A guest post by Susan Black Allen
I wasn’t surprised to hear that Sinead O’Connor felt abandoned by her friends and family.
Us folks who struggle with mental illness can be very hard to love. We can be moody,
melancholic, anxious, unpredictable, needy, demanding -- and some of us are even
occasionally psychotic and/or suicidal.
Sometimes we can’t sleep for days. Other times all we do is sleep. Sometimes we shut
down and you can’t get us to talk. Other times, we are manic and we can’t shut up.
Sometimes we want your help, but won’t take it when it’s offered. Other times, we take
it, but are unable to follow through and feel guilty for letting you, and ourselves, down.
At our worse, we ride an out-of- control rollercoaster -- and like it or not, we drag our
friends and family along for the ride. With all the ups and downs and twists and turns,
it’s not surprisingly that some of our loved ones bail when they get the chance. I can’t
really blame them and neither should you. Rollercoasters aren’t for everybody.
My father hates funerals. He also hates visiting hospitals and avoids both whenever he
possibly can. My dad is a warm, intelligent and sensitive (possibly too sensitive) kind of
guy. But put him in these kinds of situations and his blood pressure and anxiety spikes
and his fight or flight response kicks in. Need someone to fix your flat tire or plow your
yard, dad is your guy. Need someone to comfort the dying or the bereaved, better to have
dad make a pot of chili or go get everyone coffee.
While working as a therapist intern, I ran support groups at a hospice. Time and time
again, group members would talk about how certain friends and family members had
simply disappeared or drifted away after their loved one had died. Obviously, this was
very hurtful. But on the flip side, there were always folks who surprised them: an old
friend who had heard about their loss and resurfaced to offer truly meaningful support.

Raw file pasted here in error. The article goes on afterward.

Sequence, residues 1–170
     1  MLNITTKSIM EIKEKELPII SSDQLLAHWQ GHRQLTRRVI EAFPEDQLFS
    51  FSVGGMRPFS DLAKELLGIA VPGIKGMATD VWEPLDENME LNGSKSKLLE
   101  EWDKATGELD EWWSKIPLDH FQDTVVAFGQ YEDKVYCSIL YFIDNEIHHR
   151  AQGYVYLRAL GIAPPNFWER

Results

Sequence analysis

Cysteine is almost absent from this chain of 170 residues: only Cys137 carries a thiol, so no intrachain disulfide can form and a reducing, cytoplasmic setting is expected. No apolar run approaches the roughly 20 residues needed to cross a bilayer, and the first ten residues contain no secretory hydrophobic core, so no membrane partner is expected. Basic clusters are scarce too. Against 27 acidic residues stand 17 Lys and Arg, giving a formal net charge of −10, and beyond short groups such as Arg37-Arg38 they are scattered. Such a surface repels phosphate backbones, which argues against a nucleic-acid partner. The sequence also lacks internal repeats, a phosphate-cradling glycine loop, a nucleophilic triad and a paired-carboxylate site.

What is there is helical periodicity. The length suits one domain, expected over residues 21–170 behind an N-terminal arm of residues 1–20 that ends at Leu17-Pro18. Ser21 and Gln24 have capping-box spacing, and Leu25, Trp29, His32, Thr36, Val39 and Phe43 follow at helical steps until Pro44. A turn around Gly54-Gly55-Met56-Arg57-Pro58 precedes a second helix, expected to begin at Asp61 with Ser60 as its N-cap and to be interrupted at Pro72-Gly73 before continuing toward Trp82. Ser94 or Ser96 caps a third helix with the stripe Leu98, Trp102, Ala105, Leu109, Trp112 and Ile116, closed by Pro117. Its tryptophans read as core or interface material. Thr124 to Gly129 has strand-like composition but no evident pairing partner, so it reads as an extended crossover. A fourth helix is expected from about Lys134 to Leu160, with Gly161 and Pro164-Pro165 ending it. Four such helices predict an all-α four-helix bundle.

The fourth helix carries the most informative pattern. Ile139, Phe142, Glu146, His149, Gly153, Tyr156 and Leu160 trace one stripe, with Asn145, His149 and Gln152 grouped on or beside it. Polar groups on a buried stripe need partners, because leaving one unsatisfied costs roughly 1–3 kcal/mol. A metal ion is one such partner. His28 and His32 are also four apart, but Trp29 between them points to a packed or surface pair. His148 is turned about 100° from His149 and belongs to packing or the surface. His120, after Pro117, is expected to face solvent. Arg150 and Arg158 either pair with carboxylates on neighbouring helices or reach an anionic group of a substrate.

Or the new support group friend, who despite their own grief, could connect in powerful
Whether we have mental health issues or not, there are always going to be people who
are going to let us down. I have a Master’s degree in counseling and have been trained to
help individuals in psychological crises like Sinead O’Connor. And despite my best efforts,
sometime I let them down. Asking someone untrained to swim out to try to save
someone drowning never makes sense.
If you feel abandoned by friends and family, consider cutting them some slack. They
may not get your mental health challenges. They may have their own issues. They may
be just as confused and overwhelmed as you are. Cut them some slack and cut yourself
some, too. This mental health stuff is so tough. But make sure to look for those who
might surprise you. Comfort, support and kindness are out there and often show up in
Sinead, there’s a community out there that cares. Please know that we are listening and
hope you get the help you so desperately need.
About the Author: Susan Black Allen is a therapist, writer, and someone who has struggled with depression on and off since her teens (Seasonal Affective Disorder, postpartum depression, garden variety depression, etc.). She is currently working as a Sponsorship Coordinator at Marine Corps Base, Camp Pendleton, until her California counseling license is official. Susan has an amazing 15-year-old daughter Emmy and has been married to her husband Bruce who has made her laugh for nearly twenty years. She and her family live in sunny San Diego where they moved two years ago after deciding Boston’s winters are just too long. She misses New England ice cream and her friends and family back East, but you couldn’t pay her to go back!